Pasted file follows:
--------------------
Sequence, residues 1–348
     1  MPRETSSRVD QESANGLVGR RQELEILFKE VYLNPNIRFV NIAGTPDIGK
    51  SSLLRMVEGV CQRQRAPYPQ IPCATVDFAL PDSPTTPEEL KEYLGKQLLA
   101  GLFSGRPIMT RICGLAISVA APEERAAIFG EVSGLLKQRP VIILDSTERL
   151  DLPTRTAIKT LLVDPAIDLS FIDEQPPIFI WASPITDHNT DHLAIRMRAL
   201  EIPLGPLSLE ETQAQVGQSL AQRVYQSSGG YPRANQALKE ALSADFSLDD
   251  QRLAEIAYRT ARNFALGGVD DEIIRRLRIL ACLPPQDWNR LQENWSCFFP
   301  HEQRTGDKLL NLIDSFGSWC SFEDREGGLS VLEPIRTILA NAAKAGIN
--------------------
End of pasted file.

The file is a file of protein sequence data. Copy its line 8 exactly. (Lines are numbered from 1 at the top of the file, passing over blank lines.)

   301  HEQRTGDKLL NLIDSFGSWC SFEDREGGLS VLEPIRTILA NAAKAGIN